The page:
Global trade dominates aerospace meeting in Lynnwood

LYNNWOOD — Trade-dependent businesses face an uncertain future: Will the federal government clamp down on visas for foreign workers? Will it cut the corporate tax rate?

Discussion of challenges and opportunities ahead dominated the opening day of the Pacific Northwest Aerospace Alliance’s annual conference. The three-day event is expected to draw more than 600 industry leaders from 15 countries.

Skepticism about freer trade and globalization have fueled the rise of populist politics from Warsaw to the White House. However, that does not mean turning away from trade altogether.

Leading up to Brexit — the election in the United Kingdom to leave the European Union — supporters of the measure were not calling for an end to free trade, they were calling for reclaiming national sovereignty, said Robin Twyman, the U.K.’s consul for business and government affairs in Seattle.

For years, countries have been pursuing greater control over trade agreements. Global trade entities have proven too unwieldy. The World Trade Organization has been trying to update its rules since 2001 with little to show for it, said Eric Schinfeld, the Port of Seattle’s manager of federal and international government relations.

The U.S. and others have pursued multinational trade deals, he said. “We already were very much down the path of a patchwork of global trade rules from country to country or groups of countries to groups of countries.”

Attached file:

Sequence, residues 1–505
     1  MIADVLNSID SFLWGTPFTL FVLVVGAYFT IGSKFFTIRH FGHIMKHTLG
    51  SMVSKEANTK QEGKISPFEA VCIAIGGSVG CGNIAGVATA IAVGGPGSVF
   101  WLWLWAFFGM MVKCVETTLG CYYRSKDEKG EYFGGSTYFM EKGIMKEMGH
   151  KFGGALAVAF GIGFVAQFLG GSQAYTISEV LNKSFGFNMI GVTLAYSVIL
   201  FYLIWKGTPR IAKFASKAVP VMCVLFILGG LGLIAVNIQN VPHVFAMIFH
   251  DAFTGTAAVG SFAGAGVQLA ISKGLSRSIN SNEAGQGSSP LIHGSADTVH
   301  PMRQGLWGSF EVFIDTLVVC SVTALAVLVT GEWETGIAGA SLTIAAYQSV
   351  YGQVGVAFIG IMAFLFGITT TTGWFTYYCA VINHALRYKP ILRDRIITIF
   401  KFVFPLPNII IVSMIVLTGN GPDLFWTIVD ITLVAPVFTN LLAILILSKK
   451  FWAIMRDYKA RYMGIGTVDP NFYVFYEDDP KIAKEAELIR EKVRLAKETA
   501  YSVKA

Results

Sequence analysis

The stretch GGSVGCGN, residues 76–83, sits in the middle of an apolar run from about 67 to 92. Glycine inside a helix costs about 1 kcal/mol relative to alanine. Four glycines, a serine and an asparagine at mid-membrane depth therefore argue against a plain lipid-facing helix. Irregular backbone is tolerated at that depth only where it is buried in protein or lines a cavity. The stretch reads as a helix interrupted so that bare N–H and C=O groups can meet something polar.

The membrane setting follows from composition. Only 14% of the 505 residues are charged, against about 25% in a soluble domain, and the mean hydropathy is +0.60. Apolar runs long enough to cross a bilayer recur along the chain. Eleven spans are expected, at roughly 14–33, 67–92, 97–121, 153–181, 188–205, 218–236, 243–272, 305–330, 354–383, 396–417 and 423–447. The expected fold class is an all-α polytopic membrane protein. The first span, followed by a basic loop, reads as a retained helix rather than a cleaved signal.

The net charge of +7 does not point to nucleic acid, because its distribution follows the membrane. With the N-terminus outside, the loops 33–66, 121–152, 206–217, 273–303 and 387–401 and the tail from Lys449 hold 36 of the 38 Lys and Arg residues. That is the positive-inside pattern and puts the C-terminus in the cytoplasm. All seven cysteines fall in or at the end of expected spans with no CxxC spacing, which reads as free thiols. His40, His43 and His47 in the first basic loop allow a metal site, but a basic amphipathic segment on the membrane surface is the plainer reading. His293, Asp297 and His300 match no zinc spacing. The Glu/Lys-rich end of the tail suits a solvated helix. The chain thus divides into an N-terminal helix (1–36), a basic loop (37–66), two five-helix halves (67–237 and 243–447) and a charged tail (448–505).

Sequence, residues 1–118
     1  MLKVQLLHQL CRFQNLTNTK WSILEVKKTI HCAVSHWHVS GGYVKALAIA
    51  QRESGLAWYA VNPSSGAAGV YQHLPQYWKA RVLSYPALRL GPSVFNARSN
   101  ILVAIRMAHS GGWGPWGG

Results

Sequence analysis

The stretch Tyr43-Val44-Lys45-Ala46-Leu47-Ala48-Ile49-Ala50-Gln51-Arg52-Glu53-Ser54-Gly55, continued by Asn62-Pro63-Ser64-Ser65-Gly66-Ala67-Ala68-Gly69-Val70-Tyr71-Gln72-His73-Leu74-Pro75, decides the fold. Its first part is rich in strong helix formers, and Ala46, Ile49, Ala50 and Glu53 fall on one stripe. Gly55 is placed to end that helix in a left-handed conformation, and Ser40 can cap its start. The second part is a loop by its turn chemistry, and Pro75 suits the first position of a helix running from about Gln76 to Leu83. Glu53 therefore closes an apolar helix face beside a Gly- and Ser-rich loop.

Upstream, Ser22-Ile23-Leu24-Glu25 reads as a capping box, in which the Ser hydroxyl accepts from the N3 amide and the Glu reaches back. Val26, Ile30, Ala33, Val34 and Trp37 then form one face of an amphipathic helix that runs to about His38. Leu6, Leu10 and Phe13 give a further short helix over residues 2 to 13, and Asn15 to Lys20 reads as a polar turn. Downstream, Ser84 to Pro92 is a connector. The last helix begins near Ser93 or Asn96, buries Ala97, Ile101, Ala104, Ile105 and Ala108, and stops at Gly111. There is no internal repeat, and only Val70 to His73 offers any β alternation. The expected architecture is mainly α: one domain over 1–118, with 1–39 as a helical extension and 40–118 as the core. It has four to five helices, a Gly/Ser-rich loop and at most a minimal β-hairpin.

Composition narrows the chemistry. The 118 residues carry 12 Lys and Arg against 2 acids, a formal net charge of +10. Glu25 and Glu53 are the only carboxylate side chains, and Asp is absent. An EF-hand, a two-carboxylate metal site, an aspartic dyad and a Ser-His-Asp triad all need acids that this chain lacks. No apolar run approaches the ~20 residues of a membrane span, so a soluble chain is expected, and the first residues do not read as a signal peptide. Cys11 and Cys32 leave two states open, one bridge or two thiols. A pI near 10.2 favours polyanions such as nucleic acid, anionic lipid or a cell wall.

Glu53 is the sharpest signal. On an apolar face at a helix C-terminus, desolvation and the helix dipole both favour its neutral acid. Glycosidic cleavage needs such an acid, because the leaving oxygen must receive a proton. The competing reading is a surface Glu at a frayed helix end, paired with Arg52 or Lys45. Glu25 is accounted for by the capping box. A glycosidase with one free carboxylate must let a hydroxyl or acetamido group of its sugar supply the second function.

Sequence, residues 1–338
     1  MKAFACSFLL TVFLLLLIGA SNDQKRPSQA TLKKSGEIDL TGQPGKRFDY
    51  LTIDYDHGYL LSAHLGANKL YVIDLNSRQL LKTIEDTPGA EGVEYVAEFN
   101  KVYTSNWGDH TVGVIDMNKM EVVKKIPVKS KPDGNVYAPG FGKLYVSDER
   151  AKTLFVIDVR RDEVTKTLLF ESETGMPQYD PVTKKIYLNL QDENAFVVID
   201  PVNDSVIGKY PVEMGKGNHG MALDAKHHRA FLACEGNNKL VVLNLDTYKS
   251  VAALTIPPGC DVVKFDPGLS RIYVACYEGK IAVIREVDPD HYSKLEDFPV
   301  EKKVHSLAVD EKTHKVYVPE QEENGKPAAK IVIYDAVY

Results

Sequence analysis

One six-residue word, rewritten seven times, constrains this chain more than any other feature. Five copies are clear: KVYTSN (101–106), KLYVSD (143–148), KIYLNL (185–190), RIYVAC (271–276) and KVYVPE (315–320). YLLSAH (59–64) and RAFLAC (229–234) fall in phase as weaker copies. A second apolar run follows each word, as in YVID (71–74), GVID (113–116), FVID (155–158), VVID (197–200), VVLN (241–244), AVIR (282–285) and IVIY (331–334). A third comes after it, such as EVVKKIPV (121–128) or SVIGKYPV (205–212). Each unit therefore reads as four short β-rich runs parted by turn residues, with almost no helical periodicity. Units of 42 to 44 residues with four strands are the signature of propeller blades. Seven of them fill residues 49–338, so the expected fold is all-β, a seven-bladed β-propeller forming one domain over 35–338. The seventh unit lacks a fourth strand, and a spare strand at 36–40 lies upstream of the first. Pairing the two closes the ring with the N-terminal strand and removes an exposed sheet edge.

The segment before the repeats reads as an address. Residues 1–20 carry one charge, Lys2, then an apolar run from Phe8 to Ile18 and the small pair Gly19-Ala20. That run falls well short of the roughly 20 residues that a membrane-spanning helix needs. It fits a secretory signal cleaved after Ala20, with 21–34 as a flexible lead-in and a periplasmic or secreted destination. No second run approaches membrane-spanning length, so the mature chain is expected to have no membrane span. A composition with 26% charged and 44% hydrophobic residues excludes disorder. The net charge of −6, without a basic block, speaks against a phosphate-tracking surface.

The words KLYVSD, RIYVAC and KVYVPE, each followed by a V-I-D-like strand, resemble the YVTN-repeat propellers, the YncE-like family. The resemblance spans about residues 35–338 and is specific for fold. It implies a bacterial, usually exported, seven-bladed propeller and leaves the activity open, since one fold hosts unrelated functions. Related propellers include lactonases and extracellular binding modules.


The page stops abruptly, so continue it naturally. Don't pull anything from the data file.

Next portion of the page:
Washington state heavily depends on international trade, driven largely by the aerospace industry. In 2015, the U.S. aerospace sector exported roughly $134.6 billion in goods and services and imported just under $54.9 billion, according to AeroDynamic Advisory, an Ann Arbor, Michigan-based consulting firm.

Boeing airplanes make up a large portion of those exports, said Kevin Michaels, AeroDynamic Advisory’s managing director.

In general, foreign aerospace companies have been investing and expanding in America, he said.

Nonetheless, the industry faces big challenges ahead. If the past decade in aerospace was about moonshots and technological advances, the next 10 years will be about efficiency and productivity, Michaels said.

Boeing has a bullish market outlook, and projects the need for nearly 40,000 commercial jets over the next 20 years. Its current order backlog is more than 5,600 airplanes, enough to keep some production lines busy well past 2020.

The company has a clear view of what its revenues will be as it delivers thousands of airplanes in the next few years, said Randy Tinseth, vice president of marketing for Boeing Commercial Airplanes.

“The biggest challenge going forward is where we will be with cost,” he said.

Dan Catchpole: 425-339-3454; Twitter: @dcatchpole.

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